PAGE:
When too much pressure is applied to a nerve by surrounding tissues, such as bones, cartilage, muscles or tendons, patients can develop a pinched nerve. This pressure disrupts the nerve’s function and causes a variety of symptoms, including pain, numbness, tingling, and weakness.
A pinched nerve can occur at a number of sites in the body as a result of conditions like a herniated disc and carpal tunnel syndrome.
Signs and symptoms of a pinched nerve include:
Symptoms of a pinched nerve may worsen during sleep.
A pinched nerve occurs when too much pressure, or compression, is applied to a nerve by surrounding tissues, bone, cartilage, muscle, or tendons.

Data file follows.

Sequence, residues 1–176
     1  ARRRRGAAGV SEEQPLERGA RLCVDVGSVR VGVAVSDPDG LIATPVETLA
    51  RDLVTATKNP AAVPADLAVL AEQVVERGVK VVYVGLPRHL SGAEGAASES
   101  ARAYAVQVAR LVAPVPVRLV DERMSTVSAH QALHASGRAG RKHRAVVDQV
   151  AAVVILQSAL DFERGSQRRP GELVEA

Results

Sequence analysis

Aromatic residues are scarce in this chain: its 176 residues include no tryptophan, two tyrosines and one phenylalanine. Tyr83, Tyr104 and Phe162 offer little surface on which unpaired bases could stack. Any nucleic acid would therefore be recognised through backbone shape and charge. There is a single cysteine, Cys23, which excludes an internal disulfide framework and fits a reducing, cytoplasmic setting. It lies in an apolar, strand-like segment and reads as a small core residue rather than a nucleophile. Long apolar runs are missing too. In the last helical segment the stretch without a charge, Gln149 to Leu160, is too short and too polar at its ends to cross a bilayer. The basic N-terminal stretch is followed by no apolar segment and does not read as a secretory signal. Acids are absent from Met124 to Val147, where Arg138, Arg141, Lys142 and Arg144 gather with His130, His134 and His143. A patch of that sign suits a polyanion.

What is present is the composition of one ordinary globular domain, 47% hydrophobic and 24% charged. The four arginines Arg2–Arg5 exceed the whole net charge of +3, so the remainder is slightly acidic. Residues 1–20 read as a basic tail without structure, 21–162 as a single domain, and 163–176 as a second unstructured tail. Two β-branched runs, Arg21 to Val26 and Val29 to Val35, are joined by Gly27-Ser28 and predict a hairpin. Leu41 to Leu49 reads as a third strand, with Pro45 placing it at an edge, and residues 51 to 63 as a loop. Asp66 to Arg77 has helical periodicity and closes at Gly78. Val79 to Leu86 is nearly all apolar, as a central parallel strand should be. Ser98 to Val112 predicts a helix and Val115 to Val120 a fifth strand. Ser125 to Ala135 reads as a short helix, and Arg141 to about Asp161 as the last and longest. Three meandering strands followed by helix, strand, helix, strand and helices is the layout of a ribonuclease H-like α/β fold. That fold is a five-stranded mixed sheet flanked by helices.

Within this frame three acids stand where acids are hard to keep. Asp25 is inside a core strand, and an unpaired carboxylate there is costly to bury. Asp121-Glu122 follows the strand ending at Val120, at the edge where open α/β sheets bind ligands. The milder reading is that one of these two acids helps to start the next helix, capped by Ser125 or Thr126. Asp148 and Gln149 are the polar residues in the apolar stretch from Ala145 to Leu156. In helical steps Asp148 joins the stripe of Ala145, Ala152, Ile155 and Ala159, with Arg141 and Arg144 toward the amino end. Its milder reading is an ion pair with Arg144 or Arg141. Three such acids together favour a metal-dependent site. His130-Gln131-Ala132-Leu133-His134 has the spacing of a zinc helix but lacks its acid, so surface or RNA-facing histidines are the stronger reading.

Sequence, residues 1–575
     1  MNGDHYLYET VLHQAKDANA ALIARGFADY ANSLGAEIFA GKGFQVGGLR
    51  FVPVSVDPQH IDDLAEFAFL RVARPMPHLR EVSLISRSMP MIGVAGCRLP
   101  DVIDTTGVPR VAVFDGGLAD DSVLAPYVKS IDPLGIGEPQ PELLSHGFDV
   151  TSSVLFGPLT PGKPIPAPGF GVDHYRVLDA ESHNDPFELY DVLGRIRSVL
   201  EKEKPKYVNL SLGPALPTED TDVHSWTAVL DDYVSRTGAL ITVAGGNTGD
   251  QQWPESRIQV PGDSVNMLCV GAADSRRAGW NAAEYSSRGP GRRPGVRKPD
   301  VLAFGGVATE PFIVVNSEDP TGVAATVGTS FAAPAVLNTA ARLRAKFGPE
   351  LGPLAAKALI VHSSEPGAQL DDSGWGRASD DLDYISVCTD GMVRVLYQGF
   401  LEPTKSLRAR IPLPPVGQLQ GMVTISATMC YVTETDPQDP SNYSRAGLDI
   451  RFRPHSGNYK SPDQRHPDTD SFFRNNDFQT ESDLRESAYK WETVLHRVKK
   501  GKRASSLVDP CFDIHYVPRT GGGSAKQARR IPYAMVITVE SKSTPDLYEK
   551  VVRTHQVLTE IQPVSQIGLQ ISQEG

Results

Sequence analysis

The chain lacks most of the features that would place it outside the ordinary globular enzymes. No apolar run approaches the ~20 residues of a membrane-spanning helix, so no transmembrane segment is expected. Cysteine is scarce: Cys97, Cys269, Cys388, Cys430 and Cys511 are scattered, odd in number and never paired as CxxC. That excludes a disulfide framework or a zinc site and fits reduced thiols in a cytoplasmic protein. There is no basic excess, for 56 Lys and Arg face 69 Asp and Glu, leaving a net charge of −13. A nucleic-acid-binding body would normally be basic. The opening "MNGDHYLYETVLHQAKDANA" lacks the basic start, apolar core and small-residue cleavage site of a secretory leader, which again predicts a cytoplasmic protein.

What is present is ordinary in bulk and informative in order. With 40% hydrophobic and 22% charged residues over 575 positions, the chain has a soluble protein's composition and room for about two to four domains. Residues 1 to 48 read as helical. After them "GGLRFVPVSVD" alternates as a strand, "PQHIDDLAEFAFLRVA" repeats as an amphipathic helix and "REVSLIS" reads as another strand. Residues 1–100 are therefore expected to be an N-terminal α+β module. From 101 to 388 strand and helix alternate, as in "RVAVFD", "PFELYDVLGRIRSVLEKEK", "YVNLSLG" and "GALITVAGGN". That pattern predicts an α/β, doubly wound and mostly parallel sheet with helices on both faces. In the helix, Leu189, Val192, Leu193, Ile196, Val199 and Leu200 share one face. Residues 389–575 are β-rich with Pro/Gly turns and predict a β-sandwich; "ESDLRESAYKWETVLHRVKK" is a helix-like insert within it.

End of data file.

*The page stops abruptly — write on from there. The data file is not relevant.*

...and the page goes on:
Carpal tunnel syndrome, for example, occurs when a variety of tissues compress the carpal tunnel’s median nerve, including swollen tendon sheaths within the tunnel, enlarged bone that narrows the tunnel, or a thickened and worn out ligament.
Nerve compression may be caused by:
A temporary pinched nerve doesn’t typically cause permanent damage. If the pressure is quickly relieved, nerve function returns to normal. But if nerve compression is left untreated, patients can experience chronic pain and permanent nerve damage.
The likelihood of experiencing a pinched nerve may be increased by the following factors: